Citi, one of the top six banking institutions in the United States on Thursday, said it was lowering its forecast for the growth of the Israeli economy amid the government's legislative push to reform the judiciary and its effects on the country's democracy and economic stability. "We believe that the impact of government policy on the medium-term outlook for the economy will be more significant,” bank analysts said.
"The recent turmoil surrounding judicial reform in Israel has raised questions about its impact on the economy," stated the bank's economists. "While there may be short-term effects on growth due to disruptions in economic activity, the more significant impact is likely to be on Israel's potential growth in the intermediate term."
The report followed similar warnings from Morgan Stanley, the Bank of Israel, S&P 500, and Moody's, after the Knesset voted to enact a law that would limit the power of oversight for the Supreme Court.
"Unfortunately, it is not hard to imagine an additional decrease in Israel's potential growth forecast, which would ultimately impact the pricing of all types of financial assets and increase the possibility of credit downgrades," Citi's analysts said. Not only can the judicial reform legislation have a significant effect on Israel's growth potential, but also a variety of other government decisions, as well as parts of the budget, education policy, etc., will affect many aspects of the country and its economy.”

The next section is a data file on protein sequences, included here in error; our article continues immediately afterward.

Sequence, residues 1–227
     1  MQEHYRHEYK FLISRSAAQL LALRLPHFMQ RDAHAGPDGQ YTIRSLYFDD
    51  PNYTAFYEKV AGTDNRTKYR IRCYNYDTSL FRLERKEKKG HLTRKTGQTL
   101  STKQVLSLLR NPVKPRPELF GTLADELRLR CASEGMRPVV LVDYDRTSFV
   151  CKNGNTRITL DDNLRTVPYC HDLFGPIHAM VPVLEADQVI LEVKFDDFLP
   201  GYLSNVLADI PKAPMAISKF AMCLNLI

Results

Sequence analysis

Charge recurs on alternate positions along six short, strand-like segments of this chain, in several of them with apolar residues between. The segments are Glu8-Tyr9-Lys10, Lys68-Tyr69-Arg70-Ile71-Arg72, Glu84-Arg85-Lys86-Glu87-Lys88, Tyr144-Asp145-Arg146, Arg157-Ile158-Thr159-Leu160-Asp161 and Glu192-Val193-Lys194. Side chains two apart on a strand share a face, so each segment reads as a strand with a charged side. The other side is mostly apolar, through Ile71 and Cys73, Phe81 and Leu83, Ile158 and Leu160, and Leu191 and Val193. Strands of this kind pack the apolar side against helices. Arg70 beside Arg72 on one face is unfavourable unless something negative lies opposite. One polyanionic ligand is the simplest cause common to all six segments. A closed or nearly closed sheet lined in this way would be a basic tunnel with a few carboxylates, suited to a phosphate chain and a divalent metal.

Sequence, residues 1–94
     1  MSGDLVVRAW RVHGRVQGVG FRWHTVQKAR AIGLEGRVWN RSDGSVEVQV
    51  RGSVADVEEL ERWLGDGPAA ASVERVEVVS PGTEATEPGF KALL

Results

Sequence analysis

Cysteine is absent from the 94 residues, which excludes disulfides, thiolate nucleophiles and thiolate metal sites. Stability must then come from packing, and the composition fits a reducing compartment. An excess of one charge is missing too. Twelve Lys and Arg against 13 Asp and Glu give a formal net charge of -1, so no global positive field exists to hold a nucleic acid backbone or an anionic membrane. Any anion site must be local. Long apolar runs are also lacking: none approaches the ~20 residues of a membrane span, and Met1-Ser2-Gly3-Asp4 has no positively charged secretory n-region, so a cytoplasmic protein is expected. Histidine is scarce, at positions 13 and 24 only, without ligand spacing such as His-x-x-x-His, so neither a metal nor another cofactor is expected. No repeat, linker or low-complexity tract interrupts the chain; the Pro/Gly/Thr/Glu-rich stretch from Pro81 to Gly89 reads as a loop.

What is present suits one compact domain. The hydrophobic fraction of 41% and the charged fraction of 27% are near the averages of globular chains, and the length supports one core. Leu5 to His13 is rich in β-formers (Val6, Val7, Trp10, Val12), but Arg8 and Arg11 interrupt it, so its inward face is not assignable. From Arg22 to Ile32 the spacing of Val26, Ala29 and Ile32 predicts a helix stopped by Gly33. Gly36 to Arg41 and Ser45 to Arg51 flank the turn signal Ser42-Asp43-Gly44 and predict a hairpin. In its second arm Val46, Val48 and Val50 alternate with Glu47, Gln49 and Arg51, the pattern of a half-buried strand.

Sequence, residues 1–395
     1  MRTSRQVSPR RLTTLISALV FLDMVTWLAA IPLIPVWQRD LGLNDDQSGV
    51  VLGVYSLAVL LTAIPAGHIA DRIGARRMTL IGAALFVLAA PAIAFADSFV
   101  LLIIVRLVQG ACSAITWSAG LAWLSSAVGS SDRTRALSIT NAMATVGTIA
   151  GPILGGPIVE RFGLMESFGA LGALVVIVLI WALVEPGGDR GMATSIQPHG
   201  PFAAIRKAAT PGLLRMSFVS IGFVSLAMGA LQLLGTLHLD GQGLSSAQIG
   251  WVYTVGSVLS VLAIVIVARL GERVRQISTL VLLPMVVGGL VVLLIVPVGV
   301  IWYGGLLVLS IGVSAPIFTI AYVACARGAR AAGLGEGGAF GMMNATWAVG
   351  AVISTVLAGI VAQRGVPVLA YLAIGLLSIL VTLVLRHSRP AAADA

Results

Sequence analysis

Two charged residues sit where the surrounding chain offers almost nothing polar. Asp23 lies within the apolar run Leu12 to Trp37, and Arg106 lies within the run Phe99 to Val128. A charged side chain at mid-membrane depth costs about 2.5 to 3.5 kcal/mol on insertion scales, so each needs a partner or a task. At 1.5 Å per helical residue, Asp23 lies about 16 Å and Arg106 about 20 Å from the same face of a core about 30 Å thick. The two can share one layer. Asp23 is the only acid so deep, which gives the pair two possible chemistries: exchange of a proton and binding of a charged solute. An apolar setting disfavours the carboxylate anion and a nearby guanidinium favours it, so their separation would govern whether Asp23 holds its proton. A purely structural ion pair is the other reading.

Unlike common investment practices that focus mainly on the short-to-medium term, Citibank also considers Israel's long-term challenges. They emphasize that with the Haredi community's increasing weight in the general population and workforce, maintaining a growth rate comparable to the present requires further participation in the labor market from this group.
However, in its report, Citibank also highlights the government's success in increasing the participation of ultra-Orthodox women in the workforce. Nevertheless, the labor market participation rate for Haredi men remains lower compared to non-Haredi Jewish men or Arab Israeli men. The bank underscores that if Arab and Haredi men and women achieved the same employment rates as their non-Haredi Jewish peers, the average employment growth between 2023 and 2030 would be around 2.7%, only slightly higher than the 2019-2021 average of 2.5%.